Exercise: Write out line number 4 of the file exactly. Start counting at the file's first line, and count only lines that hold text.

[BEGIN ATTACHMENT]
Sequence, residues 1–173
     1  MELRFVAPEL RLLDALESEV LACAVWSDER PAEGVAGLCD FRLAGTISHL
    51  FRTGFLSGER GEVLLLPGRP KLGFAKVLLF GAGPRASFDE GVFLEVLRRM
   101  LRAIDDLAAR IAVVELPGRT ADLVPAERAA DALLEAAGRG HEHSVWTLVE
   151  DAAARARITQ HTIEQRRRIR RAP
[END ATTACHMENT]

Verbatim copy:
   101  LRAIDDLAAR IAVVELPGRT ADLVPAERAA DALLEAAGRG HEHSVWTLVE